Transcript: Florida Sen. Marco Rubio's Convention Speech
Transcript of Florida Sen. Marco Rubio's speech as prepared for delivery at the Republican National Convention:
In 1980, I watched my first Republican convention with my grandfather.
He was born to a farming family in rural Cuba. Childhood polio left him permanently disabled. Because he couldn't work the farm, his family sent him to school, and he became the only one in the family who could read.
As a boy, I would sit on our porch and listen to his stories about history, politics and baseball while he puffed on one of his three daily Padron cigars.
I don't recall everything we talked about, but the one thing I remember, is the one thing he wanted me to never forget. The dreams he had when he was young became impossible to achieve.
But there was no limit to how far I could go, because I was an American.
For those of us who were born and raised in this country, it's easy to forget how special America is. But my grandfather understood how different America is from the rest of the world, because he knew what life was like outside America.
Tonight, you'll hear from another man who understands what makes America exceptional.
Mitt Romney knows America's prosperity didn't happen because our government simply spent more. It happened because our people used their own money to open a business. And when they succeed, they hire more people, who then invest or spend their money in the economy, helping others start a business and create jobs.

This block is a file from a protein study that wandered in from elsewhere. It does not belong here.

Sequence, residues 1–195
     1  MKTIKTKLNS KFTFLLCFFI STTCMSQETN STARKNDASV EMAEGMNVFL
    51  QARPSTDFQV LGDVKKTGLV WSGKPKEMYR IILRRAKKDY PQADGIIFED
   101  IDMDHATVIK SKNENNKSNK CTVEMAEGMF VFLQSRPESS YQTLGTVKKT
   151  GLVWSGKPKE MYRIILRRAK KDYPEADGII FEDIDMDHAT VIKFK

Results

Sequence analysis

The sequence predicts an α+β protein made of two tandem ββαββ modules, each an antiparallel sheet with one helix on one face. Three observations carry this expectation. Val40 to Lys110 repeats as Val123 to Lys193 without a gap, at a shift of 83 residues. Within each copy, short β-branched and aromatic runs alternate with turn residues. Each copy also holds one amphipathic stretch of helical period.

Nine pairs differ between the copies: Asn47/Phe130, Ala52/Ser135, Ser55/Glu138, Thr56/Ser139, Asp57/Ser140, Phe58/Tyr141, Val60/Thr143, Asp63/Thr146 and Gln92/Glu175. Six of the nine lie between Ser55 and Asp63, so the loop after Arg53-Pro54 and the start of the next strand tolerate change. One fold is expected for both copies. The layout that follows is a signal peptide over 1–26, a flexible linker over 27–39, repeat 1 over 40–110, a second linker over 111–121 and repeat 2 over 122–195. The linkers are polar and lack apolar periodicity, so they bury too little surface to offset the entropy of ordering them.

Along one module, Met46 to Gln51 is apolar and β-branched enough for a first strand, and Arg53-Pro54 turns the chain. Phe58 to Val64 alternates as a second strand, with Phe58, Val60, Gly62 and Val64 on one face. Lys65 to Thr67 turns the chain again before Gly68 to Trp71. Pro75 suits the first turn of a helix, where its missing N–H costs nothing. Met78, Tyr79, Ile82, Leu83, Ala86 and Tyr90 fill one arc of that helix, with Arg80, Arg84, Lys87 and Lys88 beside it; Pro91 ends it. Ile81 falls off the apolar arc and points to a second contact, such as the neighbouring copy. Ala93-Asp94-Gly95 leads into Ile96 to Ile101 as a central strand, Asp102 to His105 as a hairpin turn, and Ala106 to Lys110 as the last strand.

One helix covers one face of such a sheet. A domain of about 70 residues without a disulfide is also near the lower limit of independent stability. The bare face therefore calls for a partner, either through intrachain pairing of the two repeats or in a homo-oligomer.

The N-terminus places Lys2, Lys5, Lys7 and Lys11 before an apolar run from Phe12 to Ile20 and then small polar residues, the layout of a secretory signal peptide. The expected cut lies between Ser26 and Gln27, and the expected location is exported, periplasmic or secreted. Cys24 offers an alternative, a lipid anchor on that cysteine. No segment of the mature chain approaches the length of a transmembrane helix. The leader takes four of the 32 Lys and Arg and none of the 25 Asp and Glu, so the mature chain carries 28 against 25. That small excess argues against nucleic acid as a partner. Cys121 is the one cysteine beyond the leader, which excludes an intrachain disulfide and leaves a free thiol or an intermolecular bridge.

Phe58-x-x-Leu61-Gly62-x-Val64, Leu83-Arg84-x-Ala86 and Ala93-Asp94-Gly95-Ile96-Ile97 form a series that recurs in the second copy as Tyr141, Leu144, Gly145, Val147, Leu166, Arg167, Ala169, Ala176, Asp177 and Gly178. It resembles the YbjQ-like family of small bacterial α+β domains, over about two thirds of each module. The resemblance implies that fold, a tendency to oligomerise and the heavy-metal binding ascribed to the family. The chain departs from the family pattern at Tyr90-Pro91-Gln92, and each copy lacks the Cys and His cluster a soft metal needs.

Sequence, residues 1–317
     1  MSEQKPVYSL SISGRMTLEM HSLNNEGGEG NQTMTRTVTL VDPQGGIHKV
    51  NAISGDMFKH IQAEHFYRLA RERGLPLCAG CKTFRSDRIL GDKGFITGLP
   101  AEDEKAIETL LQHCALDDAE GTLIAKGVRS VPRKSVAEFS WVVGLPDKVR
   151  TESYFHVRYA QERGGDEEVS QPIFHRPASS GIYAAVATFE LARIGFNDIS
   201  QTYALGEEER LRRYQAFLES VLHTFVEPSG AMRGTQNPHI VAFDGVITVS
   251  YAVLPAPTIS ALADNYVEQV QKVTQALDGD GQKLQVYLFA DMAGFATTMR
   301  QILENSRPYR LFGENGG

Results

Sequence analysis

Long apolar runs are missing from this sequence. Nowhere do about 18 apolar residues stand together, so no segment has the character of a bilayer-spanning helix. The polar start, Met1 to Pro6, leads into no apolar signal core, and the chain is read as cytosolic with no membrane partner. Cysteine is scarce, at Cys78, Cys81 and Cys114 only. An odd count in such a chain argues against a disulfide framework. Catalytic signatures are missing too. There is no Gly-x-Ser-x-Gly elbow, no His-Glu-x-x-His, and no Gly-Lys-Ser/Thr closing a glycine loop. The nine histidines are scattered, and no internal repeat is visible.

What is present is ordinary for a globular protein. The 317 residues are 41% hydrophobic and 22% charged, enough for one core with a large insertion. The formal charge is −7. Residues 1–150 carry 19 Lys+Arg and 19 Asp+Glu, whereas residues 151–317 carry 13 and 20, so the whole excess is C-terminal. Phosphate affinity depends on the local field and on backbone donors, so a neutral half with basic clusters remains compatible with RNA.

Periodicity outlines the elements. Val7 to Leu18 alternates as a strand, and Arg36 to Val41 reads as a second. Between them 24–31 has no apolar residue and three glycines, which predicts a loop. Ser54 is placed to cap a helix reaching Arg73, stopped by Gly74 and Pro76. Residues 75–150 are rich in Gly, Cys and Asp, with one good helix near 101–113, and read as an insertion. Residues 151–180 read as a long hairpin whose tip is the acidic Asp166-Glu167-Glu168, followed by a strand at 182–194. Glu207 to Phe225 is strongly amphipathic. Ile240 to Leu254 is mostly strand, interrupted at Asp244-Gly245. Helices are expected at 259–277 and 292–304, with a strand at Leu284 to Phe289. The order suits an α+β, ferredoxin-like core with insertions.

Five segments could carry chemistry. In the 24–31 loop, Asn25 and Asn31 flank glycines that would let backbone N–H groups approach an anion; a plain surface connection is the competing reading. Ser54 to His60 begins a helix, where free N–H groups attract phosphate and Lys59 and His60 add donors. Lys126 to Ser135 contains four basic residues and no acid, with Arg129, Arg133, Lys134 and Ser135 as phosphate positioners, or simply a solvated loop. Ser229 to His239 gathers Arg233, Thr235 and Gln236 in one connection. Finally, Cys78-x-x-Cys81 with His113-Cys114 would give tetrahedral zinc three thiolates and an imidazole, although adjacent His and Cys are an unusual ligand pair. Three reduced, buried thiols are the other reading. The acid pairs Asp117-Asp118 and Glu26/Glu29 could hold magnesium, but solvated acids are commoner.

Mitt Romney's success in business is well known. But he's more than that.
He's a devoted husband, father and grandfather. A generous member of his community and church.
Everywhere he's been, he's volunteered his time and talent to make things better for those around him.
We are blessed that soon, he will be the president of the United States.
Our problem with President Obama isn't that he's a bad person. By all accounts, he too is a good husband, and a good father — and thanks to lots of practice, a pretty good golfer.
Our problem is he's a bad president.
The new slogan for the president's campaign is "Forward."
A government that spends $1 trillion more than it takes in.
An $800 billion stimulus that created more debt than jobs.
A government intervention into health care paid for with higher taxes and cuts to Medicare.
Scores of new rules and regulations.
These ideas don't move us "Forward," they take us "Backwards."